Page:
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Dioxins and Burning Landfill Gas

  Following are a few papers that address the issue of dioxin 
  generation during the burning of landfill gas.  The vagaries in style 
  of presentation of the following papers can be attributed to a span 
  of several years and several assistants.   Any verbiage that follows 
  a particular citation is a verbatim quote from that citation.
   Lahl, U., Wilken, M., Zeschmar-Lahl, and Jager, J.  1991. PCDD/PCDF 
  balance of different municipal waste management methods.  Chemosphere 
  23 ( 8-10): 1481-1489 .  
   For emission reduction, disposal gas [landfill gas] is often  
  treated or used in thermal processes.  ... Due to our  analyses, 
  exhaust gas after combustion of disposal gas can  contain 
  considerable amounts of PCDD/PCDF.  We found 75-217 pg  (TE)/m3, 
  other authors report values up to nearly 1 ng ( TE)/m3  (10).
   Fiedler, H. 1993. Formation and Sources of PCDD/PCDF.  Organohalogen 
  Compounds 11: 221-228 
  Landfill Gases 
    Despite the high chlorine content in landfill gases burning of  
  these gases in muffle furnaces or internal combustion engines  
  results in relatively low dioxin emissions in the range of 0.1  ng 
  TEQ/m3 or lower ( HLfU 1991).
   Allen, Matthew R., Alan Braithwaite, Chris C. Hills.  1997.Trace 
  Organic Compounds in Landfill Gas at Seven U.K. Waste Disposal  
  Sites. Environ. Sci. Technol.  31:[4]:1054-61. 
   Jones, K.  Comparing air emissions from landfills and WTI plants.  
  Solid Waste Technologies. March/April 1994
   Unlike the scant health and environmental data available from  
  recycling facilities, there is a modest and growing data base  on 
  landfill air emissions.  Recent state and federal  regulatory 
  activities plus the development of dozens of  landfill gas-to-e rgy 
  projects, have helped to build an  emissions profile.  For instance, 
  to develop the background  for the New Source Performance Standards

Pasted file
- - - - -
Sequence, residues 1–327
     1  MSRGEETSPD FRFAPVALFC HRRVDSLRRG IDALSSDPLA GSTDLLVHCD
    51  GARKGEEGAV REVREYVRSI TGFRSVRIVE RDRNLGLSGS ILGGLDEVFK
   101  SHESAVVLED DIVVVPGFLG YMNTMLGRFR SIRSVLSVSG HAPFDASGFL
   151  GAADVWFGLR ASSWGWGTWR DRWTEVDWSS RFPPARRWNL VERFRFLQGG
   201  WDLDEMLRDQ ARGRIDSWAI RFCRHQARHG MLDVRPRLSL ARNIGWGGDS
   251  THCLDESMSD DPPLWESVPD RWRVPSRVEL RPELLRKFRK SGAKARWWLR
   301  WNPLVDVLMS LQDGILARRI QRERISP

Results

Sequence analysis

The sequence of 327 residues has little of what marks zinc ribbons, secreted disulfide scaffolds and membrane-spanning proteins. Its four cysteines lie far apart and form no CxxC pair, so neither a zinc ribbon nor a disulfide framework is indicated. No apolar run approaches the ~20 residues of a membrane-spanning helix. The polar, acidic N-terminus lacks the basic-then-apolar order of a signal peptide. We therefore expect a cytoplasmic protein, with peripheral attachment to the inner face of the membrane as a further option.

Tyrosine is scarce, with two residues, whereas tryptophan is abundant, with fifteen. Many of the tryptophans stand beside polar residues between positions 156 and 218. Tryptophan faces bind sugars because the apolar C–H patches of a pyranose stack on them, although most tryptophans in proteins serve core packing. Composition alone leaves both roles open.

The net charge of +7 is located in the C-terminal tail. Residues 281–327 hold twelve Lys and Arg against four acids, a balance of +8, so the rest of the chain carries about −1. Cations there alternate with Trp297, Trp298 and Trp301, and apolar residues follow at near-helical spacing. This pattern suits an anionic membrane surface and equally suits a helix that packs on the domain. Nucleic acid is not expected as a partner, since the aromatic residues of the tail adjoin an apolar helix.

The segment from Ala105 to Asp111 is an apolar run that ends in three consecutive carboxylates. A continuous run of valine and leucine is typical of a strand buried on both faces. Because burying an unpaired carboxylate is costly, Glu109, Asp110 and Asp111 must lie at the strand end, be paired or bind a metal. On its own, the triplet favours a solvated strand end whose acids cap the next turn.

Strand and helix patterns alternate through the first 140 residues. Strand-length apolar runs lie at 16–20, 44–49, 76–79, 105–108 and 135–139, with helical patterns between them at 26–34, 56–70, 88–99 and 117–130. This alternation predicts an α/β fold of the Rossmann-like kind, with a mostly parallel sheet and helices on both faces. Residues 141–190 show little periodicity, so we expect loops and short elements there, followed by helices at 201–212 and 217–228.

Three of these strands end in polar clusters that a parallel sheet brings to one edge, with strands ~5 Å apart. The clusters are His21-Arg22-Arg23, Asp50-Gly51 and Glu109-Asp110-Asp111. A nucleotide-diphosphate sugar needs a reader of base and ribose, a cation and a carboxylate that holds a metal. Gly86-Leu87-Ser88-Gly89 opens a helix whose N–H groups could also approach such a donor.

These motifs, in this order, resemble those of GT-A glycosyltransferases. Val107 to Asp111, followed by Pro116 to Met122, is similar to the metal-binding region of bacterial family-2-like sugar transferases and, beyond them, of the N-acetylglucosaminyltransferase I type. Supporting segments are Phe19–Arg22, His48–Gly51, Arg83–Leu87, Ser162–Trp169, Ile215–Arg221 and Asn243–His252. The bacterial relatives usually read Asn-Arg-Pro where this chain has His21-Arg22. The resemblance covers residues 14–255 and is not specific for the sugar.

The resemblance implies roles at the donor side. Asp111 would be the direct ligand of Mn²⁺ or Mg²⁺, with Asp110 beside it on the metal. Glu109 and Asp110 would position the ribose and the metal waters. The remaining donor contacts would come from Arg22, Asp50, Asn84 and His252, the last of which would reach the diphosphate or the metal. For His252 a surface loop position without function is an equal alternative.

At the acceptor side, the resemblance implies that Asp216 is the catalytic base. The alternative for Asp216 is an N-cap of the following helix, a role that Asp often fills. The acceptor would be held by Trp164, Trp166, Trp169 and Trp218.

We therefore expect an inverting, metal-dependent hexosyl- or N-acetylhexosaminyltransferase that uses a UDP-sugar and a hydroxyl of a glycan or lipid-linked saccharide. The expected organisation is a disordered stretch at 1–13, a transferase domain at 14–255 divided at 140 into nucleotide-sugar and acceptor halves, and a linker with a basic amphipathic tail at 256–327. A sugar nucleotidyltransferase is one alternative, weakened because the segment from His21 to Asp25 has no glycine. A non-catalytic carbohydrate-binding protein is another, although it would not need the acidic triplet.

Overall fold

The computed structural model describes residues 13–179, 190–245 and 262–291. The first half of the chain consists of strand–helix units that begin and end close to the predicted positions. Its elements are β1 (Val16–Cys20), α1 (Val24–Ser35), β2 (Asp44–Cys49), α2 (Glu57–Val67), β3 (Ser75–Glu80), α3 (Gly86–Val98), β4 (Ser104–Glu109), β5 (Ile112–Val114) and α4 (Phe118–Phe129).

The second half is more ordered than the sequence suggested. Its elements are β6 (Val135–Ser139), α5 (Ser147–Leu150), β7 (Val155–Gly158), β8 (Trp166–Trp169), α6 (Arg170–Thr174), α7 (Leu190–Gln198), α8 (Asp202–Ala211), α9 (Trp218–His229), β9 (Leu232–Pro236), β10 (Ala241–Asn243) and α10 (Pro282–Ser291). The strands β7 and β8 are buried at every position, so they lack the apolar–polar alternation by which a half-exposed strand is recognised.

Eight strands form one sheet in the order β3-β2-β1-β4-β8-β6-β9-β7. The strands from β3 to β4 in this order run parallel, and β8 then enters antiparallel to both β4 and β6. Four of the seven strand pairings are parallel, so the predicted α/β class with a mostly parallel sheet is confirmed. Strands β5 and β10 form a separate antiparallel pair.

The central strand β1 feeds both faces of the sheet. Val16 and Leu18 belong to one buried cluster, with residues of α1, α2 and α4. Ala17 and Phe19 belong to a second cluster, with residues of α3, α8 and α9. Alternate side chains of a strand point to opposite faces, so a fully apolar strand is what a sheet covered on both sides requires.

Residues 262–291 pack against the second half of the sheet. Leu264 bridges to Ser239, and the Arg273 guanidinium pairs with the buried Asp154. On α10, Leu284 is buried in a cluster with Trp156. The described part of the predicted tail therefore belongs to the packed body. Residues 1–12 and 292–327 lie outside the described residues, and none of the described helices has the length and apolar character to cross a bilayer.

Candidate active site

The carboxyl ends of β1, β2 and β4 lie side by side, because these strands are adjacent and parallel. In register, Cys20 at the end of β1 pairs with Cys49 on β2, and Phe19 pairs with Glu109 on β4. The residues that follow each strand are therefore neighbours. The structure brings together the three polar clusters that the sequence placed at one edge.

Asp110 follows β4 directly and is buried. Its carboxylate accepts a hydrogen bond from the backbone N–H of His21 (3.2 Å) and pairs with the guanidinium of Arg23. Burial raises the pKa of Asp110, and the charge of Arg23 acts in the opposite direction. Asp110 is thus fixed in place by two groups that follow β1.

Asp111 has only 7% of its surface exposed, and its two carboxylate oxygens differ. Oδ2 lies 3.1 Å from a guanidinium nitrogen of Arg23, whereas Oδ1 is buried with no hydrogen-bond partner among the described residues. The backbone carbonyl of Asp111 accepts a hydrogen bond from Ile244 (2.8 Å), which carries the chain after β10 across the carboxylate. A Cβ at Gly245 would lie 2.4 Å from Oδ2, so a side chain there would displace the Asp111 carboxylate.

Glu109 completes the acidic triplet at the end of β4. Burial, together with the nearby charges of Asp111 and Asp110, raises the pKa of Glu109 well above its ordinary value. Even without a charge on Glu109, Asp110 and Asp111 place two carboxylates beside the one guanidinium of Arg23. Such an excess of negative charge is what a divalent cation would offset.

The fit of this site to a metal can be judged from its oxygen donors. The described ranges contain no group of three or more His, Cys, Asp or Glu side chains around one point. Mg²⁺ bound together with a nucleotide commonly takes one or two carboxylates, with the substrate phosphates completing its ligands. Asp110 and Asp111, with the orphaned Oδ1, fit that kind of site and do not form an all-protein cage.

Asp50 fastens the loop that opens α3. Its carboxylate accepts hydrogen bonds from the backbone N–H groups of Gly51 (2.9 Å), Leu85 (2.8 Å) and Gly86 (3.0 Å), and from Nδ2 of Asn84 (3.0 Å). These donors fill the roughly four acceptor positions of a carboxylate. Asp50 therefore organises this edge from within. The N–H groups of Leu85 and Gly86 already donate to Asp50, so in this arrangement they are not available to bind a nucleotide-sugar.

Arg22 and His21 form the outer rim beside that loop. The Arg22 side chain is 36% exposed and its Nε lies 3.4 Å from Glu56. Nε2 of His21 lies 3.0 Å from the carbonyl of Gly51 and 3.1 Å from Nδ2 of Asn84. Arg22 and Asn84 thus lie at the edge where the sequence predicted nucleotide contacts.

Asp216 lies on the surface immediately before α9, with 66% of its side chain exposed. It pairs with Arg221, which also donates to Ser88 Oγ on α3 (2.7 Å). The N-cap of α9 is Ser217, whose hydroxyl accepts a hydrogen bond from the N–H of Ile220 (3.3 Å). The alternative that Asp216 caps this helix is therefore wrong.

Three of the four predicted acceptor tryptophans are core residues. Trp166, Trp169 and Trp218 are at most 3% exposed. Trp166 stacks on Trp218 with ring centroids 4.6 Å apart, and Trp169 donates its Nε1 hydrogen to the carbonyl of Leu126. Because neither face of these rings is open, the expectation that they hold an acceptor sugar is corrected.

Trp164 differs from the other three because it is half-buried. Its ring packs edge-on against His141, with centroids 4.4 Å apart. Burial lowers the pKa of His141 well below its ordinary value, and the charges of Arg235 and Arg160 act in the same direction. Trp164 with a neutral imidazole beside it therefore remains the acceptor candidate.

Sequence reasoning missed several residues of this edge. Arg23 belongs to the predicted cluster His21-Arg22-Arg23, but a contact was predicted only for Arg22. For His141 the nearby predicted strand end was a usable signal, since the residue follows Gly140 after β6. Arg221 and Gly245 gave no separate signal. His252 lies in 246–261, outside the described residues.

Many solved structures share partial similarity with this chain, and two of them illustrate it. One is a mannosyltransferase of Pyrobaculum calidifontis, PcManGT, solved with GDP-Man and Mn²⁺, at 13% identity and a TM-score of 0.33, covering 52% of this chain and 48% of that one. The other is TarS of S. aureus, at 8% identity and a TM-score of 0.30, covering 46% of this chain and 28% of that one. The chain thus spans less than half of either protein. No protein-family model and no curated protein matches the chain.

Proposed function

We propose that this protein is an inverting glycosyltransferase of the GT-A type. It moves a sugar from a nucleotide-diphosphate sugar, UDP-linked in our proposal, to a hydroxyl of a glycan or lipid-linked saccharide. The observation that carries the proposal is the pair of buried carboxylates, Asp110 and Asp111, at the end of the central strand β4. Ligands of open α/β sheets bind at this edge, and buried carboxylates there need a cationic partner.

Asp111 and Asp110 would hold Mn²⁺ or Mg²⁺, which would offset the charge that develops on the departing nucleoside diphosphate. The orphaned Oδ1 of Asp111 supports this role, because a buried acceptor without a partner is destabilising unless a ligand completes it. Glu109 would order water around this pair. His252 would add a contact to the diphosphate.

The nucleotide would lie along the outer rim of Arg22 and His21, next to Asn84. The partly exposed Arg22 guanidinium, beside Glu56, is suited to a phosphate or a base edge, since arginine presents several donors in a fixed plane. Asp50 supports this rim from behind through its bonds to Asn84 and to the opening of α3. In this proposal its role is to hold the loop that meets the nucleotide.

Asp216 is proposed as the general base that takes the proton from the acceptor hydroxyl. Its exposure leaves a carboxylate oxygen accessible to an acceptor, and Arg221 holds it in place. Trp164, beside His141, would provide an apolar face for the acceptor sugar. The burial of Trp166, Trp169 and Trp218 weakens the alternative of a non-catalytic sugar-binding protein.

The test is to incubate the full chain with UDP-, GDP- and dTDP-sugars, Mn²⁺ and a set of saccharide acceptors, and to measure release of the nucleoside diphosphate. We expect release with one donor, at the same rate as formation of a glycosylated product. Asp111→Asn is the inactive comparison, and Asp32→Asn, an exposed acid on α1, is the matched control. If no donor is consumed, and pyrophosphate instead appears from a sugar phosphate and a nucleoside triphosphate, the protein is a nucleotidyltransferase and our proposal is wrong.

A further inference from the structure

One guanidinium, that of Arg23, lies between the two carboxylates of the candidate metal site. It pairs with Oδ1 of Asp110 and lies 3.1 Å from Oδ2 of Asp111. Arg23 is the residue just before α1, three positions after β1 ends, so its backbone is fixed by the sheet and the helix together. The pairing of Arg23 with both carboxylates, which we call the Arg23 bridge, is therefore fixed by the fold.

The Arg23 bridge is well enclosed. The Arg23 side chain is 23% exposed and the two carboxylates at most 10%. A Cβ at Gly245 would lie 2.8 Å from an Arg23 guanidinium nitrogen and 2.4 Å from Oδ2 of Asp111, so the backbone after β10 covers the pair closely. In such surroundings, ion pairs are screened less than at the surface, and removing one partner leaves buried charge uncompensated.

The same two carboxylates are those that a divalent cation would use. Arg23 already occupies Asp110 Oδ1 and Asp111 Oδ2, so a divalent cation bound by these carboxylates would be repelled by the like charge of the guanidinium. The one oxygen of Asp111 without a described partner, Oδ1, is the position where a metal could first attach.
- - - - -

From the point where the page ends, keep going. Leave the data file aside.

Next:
proposed in May 1991,  the Environmental Protection Agency compiled 
  emissions data  for 22 landfills .  [2,3,4]  EPA's data from 13 of 
  these  facilities includes emissions associated with using gas  
  control systems, such as flares internal combustion engines  (ICEs), 
  and gas turbines.  A testing program of the California  Air Resources 
  Board (CARB) also helped to extend considerably  information on 
  landfill gas composition. [5]
    To quantify dioxins emissions from landfill gas control  devices 
  for this investigation, I used measurements reported  from flares and 
  ICEs in Germany. [9]  The German data was used  since quantitative 
  dioxin emissions data from controlled  landfills in the U.S. is 
   2. "Air Emissions from Municipal Solid Waste 
  Landfills;  Background Information for Proposed Standards and 
  Guidelines,"  EPA Report #450/3-90, March 1991   
   3. "Emission Factor 
  Documentation for AP-42, Sections 2.7 and  4.2, Municipal Solid Waste 
  Landfills,"  U.S. EPA, September,  1992   
   4. Federal Register, Vol. 56, No. 104 and Vol. 58, No. 117.
   5.  "Air Pollution Control at Resource Recovery Facilities,  1991 
  Update,"  California Environmental Protection Agency,  December, 
   PCDD/PCDF releases from various waste management strategies   
  [undated, draft for publication]- 
   GH Eduljee, ERM P Dyke, ETSU, AEA Technology PW Cains, Technical 
  Products Division, AEA Technology
   In reality, the presence of PCDD/Fs in collected, untreated bulk 
  refuse and in the various waste fractions will result in their 
  transfer to downstream recycling and resource recovery options. 
  PCDD/Fs have been measured in compost, landfill gas and leachate, and 
  in gases and residues from metals recycling operations.
    The maximum quantity of landfill gas generated is 120-240m3 per 
  tonne of MSW. Fifty percent of the landfill gas leaves the landfill 
  site as an uncontrolled fugitive emission. Fifty percent of the 
  landfill gas is collected for energy recovery in a gas engine. The 
  generation of flue gas is 10 m3/m3 of raw gas (flue gas at 11% 
  oxygen). Emission factors are 0. 32-0.36 ng I-TEQ/m3 of fugitive gas, 
  and 0.1-1 ng I-TEQ/m3 of flue gas.
   P Dyke, ETSU, AEA Technology, B154, Harwell, Oxon OX11 0RA, UK Fax: 
  (Intl +44) (0)1235 433 981
  Pat Costner
  P.O. Box 548, or 512 CR 2663
  Eureka Springs, Arkansas 72632 USA
  ph:  501-253-8440
  fx:  501-253-5540
  em:  pat.costner@dialb.greenpeace.org